Monday, December 07, 2009

Lo Bashamayim Hee

I don't think any movement or ideology became successful by first thinking through a plan and then implementing it. Instead, it seems like people adopt an idea, run with it (either due to exhuberance or because of baser drives like power) and make it happen.

Once it is done, it is done and the winners get to write history. Ideas that are unthinkable become a fait accompli once there are "facts on the ground". This is what happened with the Rabbis who decided that their interpretation of the Torah trumps everything else.

It reminds me of the scene from Shogun, where Toranaga is yelling at Blackthorne:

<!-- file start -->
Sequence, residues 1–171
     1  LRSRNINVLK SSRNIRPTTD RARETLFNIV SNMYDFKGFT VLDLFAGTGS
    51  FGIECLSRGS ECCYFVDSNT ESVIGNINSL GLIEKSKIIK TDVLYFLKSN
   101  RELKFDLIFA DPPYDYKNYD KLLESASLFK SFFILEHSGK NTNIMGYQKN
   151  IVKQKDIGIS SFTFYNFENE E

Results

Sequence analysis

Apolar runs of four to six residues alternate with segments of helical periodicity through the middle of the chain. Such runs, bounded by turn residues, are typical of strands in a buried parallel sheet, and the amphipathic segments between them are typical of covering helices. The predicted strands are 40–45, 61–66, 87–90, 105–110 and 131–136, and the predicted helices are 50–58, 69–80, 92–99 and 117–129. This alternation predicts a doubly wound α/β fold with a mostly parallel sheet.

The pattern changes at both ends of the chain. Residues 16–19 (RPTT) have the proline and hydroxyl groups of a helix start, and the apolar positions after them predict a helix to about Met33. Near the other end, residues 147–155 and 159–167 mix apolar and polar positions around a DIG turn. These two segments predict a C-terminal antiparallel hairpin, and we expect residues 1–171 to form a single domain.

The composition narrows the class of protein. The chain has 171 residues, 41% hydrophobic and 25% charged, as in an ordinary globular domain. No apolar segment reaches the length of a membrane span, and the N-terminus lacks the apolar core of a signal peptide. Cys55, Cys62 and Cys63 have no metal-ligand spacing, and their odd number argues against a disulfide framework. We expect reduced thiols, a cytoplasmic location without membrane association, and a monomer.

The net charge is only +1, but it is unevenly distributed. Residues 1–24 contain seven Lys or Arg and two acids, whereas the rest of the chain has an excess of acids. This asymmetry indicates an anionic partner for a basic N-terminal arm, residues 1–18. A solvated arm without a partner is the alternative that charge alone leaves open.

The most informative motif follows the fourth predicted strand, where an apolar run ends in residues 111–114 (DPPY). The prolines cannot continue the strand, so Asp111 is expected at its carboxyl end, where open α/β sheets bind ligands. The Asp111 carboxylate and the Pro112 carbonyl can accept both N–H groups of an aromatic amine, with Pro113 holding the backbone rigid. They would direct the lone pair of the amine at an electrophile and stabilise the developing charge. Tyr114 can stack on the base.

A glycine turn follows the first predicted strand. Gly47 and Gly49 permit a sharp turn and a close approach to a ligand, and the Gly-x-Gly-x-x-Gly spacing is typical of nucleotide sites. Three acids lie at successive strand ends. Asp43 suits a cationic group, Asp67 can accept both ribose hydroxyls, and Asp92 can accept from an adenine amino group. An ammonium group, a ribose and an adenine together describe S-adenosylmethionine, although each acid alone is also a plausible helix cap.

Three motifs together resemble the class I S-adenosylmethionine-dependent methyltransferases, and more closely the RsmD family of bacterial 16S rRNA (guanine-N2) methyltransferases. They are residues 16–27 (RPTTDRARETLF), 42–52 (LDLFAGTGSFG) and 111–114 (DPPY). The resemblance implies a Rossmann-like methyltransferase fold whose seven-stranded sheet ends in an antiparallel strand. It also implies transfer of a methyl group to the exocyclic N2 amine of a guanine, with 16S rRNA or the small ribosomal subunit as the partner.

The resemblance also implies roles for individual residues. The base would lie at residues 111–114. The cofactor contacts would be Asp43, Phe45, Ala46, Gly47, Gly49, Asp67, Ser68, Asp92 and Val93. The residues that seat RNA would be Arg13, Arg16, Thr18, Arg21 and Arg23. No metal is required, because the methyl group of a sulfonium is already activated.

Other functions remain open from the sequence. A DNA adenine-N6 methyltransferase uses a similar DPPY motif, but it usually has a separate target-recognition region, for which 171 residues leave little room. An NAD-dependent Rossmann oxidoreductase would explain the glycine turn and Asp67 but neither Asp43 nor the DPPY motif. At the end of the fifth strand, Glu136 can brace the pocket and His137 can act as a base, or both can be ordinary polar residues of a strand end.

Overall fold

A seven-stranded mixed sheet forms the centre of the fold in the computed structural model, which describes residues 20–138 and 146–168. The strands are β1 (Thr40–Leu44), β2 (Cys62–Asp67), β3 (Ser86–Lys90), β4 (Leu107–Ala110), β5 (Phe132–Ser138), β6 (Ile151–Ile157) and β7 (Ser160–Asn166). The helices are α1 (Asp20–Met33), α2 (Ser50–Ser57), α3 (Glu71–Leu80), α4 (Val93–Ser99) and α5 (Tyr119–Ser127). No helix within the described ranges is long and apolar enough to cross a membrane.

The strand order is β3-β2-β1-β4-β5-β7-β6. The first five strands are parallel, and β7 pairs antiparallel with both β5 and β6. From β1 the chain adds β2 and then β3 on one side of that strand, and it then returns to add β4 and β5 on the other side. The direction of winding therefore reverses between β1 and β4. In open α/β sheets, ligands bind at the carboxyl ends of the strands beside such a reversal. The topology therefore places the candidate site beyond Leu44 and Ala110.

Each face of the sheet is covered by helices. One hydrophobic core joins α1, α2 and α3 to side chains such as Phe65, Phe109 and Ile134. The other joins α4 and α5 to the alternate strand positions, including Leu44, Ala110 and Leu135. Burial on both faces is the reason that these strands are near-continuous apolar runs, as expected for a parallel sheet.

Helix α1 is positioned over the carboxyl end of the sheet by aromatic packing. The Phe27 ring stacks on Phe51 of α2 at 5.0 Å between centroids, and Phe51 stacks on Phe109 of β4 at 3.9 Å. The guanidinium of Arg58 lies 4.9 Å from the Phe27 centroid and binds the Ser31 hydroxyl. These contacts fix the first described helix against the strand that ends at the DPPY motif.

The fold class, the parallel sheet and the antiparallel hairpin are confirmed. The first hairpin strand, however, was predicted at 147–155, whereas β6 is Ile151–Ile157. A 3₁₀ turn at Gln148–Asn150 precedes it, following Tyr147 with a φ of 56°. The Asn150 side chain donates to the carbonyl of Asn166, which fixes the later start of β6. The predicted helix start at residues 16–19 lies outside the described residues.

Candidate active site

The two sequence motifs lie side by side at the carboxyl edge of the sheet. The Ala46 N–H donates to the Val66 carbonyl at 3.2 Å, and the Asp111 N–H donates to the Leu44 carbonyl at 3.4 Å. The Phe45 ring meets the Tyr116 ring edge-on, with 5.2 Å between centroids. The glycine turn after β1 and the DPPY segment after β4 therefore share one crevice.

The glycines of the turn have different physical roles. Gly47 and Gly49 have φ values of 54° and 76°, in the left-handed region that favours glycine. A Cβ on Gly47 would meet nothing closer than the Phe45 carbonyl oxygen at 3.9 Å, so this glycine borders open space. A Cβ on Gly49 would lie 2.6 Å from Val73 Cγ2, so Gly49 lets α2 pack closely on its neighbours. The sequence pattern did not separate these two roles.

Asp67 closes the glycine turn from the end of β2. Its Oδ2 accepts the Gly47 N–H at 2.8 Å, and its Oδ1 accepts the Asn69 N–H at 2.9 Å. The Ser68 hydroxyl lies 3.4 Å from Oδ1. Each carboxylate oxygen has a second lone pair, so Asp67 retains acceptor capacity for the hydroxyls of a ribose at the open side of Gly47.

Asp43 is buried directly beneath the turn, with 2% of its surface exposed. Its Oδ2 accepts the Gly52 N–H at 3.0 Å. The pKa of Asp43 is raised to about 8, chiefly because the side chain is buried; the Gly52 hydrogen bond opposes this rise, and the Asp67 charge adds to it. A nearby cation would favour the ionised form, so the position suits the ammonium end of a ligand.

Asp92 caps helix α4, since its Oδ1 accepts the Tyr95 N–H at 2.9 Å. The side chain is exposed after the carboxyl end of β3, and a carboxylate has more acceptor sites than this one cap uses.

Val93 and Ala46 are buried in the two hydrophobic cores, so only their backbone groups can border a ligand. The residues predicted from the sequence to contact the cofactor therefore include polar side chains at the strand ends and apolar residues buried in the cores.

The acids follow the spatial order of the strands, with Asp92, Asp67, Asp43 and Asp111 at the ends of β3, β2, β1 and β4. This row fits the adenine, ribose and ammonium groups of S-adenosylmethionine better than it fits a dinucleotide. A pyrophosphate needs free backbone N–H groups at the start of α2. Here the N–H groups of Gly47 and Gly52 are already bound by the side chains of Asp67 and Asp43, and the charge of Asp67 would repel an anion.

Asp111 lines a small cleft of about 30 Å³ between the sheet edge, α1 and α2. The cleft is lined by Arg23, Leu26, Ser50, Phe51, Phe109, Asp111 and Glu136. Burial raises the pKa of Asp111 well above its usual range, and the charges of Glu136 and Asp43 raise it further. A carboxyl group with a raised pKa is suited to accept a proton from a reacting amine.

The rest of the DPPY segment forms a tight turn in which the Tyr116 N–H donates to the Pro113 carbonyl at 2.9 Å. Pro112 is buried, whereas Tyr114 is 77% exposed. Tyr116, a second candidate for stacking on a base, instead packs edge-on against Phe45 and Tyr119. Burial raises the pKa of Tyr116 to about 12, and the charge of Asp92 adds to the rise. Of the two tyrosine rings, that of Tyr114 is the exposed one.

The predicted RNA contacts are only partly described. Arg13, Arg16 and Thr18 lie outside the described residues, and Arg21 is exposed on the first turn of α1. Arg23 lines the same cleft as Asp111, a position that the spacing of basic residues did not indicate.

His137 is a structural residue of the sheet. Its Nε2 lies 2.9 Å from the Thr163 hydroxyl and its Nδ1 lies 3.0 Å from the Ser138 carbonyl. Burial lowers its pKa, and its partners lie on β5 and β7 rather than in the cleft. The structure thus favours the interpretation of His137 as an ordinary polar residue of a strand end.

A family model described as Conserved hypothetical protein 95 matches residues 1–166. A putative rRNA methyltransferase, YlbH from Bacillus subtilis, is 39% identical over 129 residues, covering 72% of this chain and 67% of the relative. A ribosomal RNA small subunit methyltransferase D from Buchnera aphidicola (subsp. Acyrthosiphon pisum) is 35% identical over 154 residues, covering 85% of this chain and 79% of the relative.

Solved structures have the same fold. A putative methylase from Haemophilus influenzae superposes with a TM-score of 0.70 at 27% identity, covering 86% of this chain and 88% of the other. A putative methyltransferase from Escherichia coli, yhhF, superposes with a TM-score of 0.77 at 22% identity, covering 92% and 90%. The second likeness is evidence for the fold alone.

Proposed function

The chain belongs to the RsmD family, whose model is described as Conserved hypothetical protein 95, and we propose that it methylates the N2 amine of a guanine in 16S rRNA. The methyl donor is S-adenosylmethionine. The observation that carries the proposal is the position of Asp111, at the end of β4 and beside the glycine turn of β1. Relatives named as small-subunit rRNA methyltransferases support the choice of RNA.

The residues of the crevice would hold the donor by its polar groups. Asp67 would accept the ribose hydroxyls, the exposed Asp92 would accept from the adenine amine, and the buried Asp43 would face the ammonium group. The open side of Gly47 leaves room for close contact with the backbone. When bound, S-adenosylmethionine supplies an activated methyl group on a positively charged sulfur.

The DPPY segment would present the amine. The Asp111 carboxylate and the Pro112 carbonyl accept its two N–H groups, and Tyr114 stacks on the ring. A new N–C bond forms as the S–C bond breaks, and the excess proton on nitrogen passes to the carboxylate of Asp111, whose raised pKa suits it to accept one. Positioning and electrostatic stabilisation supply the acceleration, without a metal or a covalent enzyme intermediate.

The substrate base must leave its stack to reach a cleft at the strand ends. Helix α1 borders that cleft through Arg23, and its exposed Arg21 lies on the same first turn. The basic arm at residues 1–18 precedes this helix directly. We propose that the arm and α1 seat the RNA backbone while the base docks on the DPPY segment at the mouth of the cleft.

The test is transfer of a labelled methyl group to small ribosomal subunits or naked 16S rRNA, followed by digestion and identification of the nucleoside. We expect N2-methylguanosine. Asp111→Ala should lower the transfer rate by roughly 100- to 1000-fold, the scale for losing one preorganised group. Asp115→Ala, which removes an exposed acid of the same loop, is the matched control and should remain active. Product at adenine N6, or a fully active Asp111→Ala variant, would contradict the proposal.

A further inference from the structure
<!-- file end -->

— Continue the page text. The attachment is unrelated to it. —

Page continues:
"Therefore the Netherlands - your allies - are in a state of rebellion against their lawful king?"

"They're fighting against the Spaniards, yes. But - "

"Isn't that rebellion? Yes or no?"

"Yes. But there are mitigating circumstances. Serious miti-"

"There are no 'mitigating circumstances' when it comes to rebellion against a sovereign lord."

"Unless you win."


Blogger Richard said...


Your phrasing implies that the rabbis got together and decided that they wouldn't listen to anyone else's opinions. This is not the case. Rather, they were given a Torah framework in which to operate, one principle of which is that we follow the opinion of the majority. R. Eliezer maintained that the oven was tahor without convincing the majority, so we do not follow his view.

December 08, 2009 5:11 AM  

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